These are the other pieces in the same puzzle that Stephen Colbert highlighted when he testified on immigration reform to Congress. And thanks in part to America’s overwhelming—and overwhelmingly corrupt—military and economic dominance, such “consequences to society” are not confined to American soil. They are actively, intentionally exported to other countries, and all the problems that America’s food lobby foists onto Americans are also being foisted on the rest of the planet.
In 2002, Andrew Cassel discussed Why U.S. Farm Subsidies Are Bad for the World:
The farm bill, which the House of Representatives has approved and which the Senate could vote on this week, calls for taxpayers to fork over some $180 billion to farmers during the next decade. That’s a 70 percent hike above the cost of current farm-subsidy programs, most of which represent direct payments to wealthy farmers and agribusinesses.
Those subsidies make it possible to export millions of tons of food so cheaply that native farmers in places such as Jamaica can’t possibly compete.
By guaranteeing U.S. farmers a minimum payment for commodities such as corn, rice and soybeans, the government encourages overproduction. That drives down the market price, forcing even higher subsidies and creating surpluses that can be shipped to Jamaica and elsewhere.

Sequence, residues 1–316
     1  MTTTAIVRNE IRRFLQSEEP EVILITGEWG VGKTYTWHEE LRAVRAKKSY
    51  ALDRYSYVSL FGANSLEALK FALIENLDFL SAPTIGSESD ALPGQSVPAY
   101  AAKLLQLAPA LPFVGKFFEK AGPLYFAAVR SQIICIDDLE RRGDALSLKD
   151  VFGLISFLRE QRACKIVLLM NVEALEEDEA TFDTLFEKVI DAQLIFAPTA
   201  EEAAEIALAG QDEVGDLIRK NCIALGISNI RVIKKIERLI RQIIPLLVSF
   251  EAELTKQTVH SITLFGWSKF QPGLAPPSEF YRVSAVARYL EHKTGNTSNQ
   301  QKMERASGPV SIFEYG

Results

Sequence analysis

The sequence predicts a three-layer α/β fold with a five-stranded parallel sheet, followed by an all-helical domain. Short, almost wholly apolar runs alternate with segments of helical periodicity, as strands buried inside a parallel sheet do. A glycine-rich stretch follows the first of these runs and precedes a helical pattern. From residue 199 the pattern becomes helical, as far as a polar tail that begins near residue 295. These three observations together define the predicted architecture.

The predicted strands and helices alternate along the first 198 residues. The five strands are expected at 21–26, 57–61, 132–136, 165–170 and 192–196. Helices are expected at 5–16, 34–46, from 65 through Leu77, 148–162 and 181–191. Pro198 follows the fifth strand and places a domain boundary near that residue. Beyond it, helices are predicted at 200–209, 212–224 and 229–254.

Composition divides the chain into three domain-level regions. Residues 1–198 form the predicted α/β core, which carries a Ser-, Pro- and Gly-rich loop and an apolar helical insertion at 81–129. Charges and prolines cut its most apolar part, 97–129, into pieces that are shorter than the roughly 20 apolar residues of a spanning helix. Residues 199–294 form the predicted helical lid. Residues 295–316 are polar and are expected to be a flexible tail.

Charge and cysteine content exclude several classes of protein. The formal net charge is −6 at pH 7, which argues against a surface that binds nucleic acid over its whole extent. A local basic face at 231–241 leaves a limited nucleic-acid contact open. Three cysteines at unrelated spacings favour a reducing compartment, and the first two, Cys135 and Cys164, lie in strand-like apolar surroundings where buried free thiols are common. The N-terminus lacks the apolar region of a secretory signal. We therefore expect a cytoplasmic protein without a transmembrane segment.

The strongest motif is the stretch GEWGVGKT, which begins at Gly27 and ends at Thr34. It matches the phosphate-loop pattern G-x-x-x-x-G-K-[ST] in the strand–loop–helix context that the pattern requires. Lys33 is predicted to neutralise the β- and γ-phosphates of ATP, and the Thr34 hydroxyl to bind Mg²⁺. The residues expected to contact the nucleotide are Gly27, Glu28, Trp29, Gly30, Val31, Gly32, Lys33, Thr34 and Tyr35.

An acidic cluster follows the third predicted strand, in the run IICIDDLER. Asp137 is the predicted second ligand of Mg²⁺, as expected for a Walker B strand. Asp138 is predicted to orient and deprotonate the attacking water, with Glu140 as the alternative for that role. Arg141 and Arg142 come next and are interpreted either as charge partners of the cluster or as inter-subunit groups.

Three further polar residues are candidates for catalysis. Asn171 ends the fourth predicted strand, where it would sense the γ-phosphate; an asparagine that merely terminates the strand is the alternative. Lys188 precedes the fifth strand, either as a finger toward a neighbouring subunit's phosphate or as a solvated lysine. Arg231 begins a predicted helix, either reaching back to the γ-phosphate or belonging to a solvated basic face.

As far as I can tell, little has changed since 2002. In fact, things have gotten worse. Since then, the Bush administration’s illegal wars in the Middle East have further destabilized the region and, in turn, caused oil prices to rise. And since so much of the food industry is mechanized, it needs oil to function. And that? Yup. You guessed it. Back to the Nielsen article:
With continued unrest in the Middle East and northern Africa and the resulting impact on global oil prices, we will likely see increased inflationary pressures from rising fuel prices have a similar impact on U.S. consumers as experienced in 2008 (i.e., shopping trip compression, more at-home consumption, value buying and increased coupon usage).
In short, it is a food pyramid, except the pyramid isn’t food groups, it’s classes of people, and the food isn’t really food anymore, it’s a weapon of class antagonism.
As the Obama administration continues Bush’s wars, and engages their own in Libya, oil prices continue to rise. This, in turn, raises costs for the food corporations, which, in turn, gives them reason to lobby the government for more
food subsidies corporate welfare, which, in turn, help keep food unhealthy yet cheap, which, in turn, keep the American populace lethargic and compliant and fed, which, in turn, prevents us from revolting (at least in a mass democratic movement).
And if that weren’t bad enough, with food prices so low, and with America’s military literally blowing up acre after acre of the rest of the world so that they can’t produce their food natively even if they could compete economically, the large food corporations can supply the demand for food from other countries:
Global demand for U.S. food in developing countries is great for U.S. exports, but those gains may also lead to higher food prices for U.S. consumers.
So. Are you still proud of what your country has become, my fellow Americans?